New medicines at risk from biodiversity loss

October 16, 2003

In a letter published in the October 17th issue of Science, three scientists warn that biodiversity loss could have devastating consequences for drug discovery and the development of new medicines. "Tropical cone snails may contain the largest and most clinically important pharmacopoeia of any genus in Nature" says lead author of the study, Eric Chivian from the Harvard Medical School, "but wild populations are being decimated by habitat destruction and overexploitation. To lose these species would be a self-destructive act of unparalleled folly."

Approximately 500 species of cone snails inhabit shallow tropical seas. They defend themselves and paralyze their prey - worms, fish, and other molluscs - by injecting a cocktail of toxins through a hollow, harpoon-like tooth. Each species has its own distinct set of around 100 'conotoxins', which like a gourmet chef it mixes in constantly changing proportions, thereby preventing evolution of resistance in their prey. Co-researcher Aaron Bernstein, also of Harvard, says "To date, only about 100 of the estimated 50,000 cone snail toxins have been characterized, and only a handful tested for pharmacologic activity. The results have extraordinary promise for the development of powerful new drugs."

With more than 2600 studies published in the last 20 years, there is much excitement about conotoxins in biomedicine. "Most conotoxins are a succinct ten to forty amino acids in length and are exquisitely selective about their receptor binding sites. This makes them powerful tools for understanding how cells work and a rich source for discovery of new medicines", said Bernstein. Among many discoveries, conotoxins that block key neurological pathways have been effective in the early detection and may also help treat small-cell lung cancer, one of the most devastating human cancers. A compound now in clinical trials has powerful anti-epileptic activity. Experiments suggest that conotoxins could treat muscle spasticity following spinal cord injury. They could prevent cell death when there is inadequate circulation, such as during strokes, head injuries or coronary bypass surgery. They could also be used to treat clinical depression, heart arrhythmias and urinary incontinence.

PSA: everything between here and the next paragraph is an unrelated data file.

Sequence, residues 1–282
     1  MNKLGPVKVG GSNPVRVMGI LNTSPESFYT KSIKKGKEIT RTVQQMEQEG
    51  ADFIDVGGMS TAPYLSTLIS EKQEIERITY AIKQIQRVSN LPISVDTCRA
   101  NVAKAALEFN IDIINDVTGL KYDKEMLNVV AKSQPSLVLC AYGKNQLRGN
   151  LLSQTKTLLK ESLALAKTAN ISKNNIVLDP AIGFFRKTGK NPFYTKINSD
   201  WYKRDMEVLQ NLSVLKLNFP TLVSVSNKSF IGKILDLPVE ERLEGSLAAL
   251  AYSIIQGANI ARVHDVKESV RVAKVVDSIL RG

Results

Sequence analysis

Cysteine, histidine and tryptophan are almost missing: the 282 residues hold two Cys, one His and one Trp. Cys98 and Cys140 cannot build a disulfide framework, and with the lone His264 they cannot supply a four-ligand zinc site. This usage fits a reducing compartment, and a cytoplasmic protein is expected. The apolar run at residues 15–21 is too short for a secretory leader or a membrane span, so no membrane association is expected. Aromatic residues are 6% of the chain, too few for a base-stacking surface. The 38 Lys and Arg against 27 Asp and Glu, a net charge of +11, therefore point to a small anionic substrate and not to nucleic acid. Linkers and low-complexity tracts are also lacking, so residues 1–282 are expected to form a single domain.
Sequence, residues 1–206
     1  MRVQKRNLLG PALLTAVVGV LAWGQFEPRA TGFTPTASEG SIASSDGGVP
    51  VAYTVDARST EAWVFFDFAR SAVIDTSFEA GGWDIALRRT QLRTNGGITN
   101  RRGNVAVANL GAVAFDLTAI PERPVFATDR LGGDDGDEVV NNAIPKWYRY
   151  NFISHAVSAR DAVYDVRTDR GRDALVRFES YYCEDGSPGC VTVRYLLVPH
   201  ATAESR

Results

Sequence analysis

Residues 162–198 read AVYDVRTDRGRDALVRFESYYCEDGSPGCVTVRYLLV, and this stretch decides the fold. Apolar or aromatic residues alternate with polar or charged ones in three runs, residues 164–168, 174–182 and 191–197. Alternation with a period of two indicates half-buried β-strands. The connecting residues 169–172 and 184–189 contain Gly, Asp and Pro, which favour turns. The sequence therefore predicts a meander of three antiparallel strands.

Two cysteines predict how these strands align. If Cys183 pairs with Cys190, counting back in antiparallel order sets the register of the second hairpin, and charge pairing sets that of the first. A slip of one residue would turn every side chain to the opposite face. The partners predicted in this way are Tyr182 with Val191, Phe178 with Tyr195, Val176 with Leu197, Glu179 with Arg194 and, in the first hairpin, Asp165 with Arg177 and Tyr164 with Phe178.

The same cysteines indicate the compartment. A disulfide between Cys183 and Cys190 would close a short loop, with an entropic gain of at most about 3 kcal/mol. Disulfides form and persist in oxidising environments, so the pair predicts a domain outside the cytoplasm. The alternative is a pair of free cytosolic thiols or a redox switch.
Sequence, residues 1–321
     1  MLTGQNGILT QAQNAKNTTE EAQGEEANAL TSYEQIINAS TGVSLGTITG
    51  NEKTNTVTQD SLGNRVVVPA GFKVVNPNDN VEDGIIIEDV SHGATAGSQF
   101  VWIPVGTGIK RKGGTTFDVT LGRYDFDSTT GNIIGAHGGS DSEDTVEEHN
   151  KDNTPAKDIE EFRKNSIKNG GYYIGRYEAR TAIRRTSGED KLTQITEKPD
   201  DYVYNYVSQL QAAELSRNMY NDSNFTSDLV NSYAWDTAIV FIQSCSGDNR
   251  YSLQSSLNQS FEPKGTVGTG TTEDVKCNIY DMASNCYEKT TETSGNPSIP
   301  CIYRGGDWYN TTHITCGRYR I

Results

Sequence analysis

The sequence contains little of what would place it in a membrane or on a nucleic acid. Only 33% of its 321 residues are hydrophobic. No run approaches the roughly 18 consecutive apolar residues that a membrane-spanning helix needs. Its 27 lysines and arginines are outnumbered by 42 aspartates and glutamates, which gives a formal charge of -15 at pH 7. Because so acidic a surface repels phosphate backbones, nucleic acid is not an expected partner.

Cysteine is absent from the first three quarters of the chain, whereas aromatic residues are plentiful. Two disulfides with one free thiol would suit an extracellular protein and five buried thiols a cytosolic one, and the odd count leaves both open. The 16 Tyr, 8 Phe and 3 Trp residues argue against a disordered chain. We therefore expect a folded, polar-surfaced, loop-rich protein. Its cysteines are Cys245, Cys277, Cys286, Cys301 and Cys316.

Conotoxin research has advanced farthest in treatment of pain. The synthetic drug Prialt is in extended Stage III clinical trials for the treatment of intractable pain (unremitting, severe, and essentially untreatable pain) and could soon be on the market. "Prialt may be 1000 times more potent than morphine. More importantly, it does not seem to lead to addiction or tolerance, where increasing doses are required to achieve the same effect" said Chivian. These problems have greatly limited the long-term effectiveness of the current mainstays of severe pain therapy, morphine and other opiates. Many millions of people suffer from intractable pain and have developed tolerance to opiates, so a potent painkiller like Prialt could represent an enormous therapeutic breakthrough.

Just as we are appreciating the remarkable potential of cone snails as a source of new medicines, they are coming under intense pressure in the wild. Their shallow tropical habitats are rapidly being destroyed and snails are being collected at alarming rates from the wild to supply the ornamental shell trade as well as for biomedical research.